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hen called to the field of combat, will move by the Griersford road. A regiment of the infantry reserve will be thrown forward to the intersection of the Gravel Hill road with the Ridge road to Hamburg, as a support to the cavalry. The reserve will be formed of Breckinridge's, Bowen's, and Statham's brigades, as now organized, the whole under command of Brigadier-General Breckinridge. V. General Bragg will detail the 51st and 52d regiments Tennessee Volunteers, Blount's Alabama and Desha's Arkansas battalion, and Bairn's battery, from his corps, which, with two of Carroll's regiments, now en route for these headquarters, will form a garrison for the post and depot of Corinth. VI. Strong guards will be left at the railway bridge between Iuka and Corinth, to be furnished in due proportion from the commands at Iuka, Beirnsville, and Corinth. VII. Proper guards will be left at the camps of the several regiments of the forces in the field. Corps commanders will determine
Albert Sidney Johnston (search for this): chapter 20
er of the Second Army Corps, is announced as Chief of staff to the Commander of the Forces. A. S. Johnston, General C. S. A. note.—The above organization of the forces at Corinth was submitted by General G. T. Beauregard, second in command, and adopted by General A. S. Johnston, first in command, without any alteration whatever. Thomas Jordan, A. A. G. Our forces had thus been formed it is expected that much and effective work will be done by the bayonet. By command of General A. S. Johnston, Thomas Jordan, A. Adjt.-Gen. Corinth, Miss., April 18th, 1862. The foregoing planrawn up and submitted by General Beauregard, on the morning of the 3d of April, 1862, to General A. S. Johnston, who accepted the same without modification in a single particular. Thomas Jordan, Brigam in receipt of your letter of—, and in reply have to say, that I remember the visit of General A. S. Johnston, accompanied by yourself, the night of the 2d of April, 1862, to the headquarters or apa
icinity of Mickey's house, at the intersection with the Bark road, before sunset. The cavalry with this wing will take position on the road to Savannah, beyond Mickey's, as far as Owl Creek, having advanced guards and pickets well to the front. The left wing of this corps will advance at the same time, also left in front, by ton as the rear of the Second Corps shall have moved out of that place. Its commander will take up the best position, whence to advance either in the direction of Mickey's or of Pratt's house, on the direct road to Pittsburg, if that road is found practicable, or in the direction of the Ridge road to Hamburg, throwing all its cava strength of these guards. VIII. Wharton's regiment of Texas cavalry will be ordered forward, at once, to scout on the road from Monterey to Savannah, between Mickey's and its intersection with the Pittsburg-Purdy road. It will annoy and harass any force of the enemy moving, by the latter way, to assail Cheatham's division at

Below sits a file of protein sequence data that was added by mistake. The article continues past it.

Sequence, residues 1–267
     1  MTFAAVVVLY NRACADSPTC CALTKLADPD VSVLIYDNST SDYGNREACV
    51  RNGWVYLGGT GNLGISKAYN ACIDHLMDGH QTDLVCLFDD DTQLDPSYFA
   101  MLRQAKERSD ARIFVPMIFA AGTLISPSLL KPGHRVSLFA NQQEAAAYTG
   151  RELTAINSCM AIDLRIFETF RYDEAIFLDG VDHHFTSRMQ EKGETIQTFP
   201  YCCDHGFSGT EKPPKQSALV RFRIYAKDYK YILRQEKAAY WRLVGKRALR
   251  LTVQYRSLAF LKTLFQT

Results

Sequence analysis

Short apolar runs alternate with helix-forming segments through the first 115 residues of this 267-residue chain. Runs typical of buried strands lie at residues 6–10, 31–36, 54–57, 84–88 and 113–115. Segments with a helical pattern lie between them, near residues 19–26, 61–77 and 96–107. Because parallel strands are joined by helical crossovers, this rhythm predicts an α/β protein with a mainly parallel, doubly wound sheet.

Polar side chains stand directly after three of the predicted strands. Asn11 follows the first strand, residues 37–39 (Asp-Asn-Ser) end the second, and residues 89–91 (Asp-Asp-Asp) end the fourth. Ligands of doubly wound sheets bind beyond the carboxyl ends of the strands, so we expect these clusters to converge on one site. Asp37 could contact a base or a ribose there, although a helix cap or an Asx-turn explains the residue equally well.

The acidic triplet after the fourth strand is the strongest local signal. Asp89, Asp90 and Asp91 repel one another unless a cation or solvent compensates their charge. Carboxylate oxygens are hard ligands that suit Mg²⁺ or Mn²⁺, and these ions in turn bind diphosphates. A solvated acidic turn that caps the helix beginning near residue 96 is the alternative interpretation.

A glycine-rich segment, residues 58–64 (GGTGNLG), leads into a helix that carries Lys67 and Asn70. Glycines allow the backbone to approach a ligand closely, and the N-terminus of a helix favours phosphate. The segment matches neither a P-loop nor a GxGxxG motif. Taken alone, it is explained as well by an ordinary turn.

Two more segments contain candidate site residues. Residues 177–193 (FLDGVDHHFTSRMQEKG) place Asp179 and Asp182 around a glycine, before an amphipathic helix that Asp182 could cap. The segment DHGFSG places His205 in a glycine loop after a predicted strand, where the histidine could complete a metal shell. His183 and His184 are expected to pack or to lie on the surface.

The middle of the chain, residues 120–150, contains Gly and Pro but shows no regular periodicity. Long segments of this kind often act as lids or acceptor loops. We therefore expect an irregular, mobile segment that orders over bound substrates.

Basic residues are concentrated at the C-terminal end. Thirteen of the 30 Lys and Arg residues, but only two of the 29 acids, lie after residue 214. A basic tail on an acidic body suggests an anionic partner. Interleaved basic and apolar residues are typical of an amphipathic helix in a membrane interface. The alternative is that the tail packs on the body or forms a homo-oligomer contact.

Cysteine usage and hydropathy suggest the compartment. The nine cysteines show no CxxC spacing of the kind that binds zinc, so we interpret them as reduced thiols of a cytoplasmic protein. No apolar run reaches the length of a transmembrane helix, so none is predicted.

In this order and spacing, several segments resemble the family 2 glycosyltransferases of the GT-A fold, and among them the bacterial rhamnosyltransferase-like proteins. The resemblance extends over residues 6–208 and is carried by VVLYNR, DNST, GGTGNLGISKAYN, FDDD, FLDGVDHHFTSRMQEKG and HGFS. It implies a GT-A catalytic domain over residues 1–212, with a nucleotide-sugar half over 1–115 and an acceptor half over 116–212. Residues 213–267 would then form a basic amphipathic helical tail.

U. S. Grant (search for this): chapter 20
al reserve of about half as many. This second purpose was apparently accomplished, for, during the battle of Shiloh, General Grant telegraphed General Buell, who was then at Savannah, that he was heavily attacked by one hundred thousand men, and thnd friends in middle Tennessee had informed us that General Buell was at Franklin, on his way to form a junction with General Grant, at Savannah, where he might be expected early in April. It was known, however, that the bridges on his line of marcd, in which event Buell must have reached the theatre of action entirely too late to retrieve the disaster inflicted upon Grant, and must himself have been forced to retire from middle Tennessee. The delay which had marked the outset was followed bmps, where all was now silence and repose, and where none suspected the approaching storm. From them we learned that General Grant had returned for the night to Savannah, and that General Sherman commanded the advanced forces. No other information
Jacob Thompson (search for this): chapter 20
ral Hardee's line of battle (the front one) had been formed, he sent a messenger with an urgent request that General Beauregard should ride along in front of his troops. This General Beauregard, through motives of prudence, at first refused, and only agreed to do at the instance of General Johnston himself, but he prohibited any cheering whatever, lest it should attract the attention of the opposing forces, which were known to be not more than two miles from us. See statements of Colonel Jacob Thompson and Major B. B. Waddell in Appendix to Chapter XX. Afterwards, at the request of General Bragg, General Beauregard also rode along the front of the Second Corps, where it was difficult to enforce the order prohibiting cheering, so enthusiastic were the troops—especially those from Louisiana—when he appeared before them. As soon as it had become evident that the day was too far advanced for a decisive engagement, General Johnston called the corps and reserve commanders together in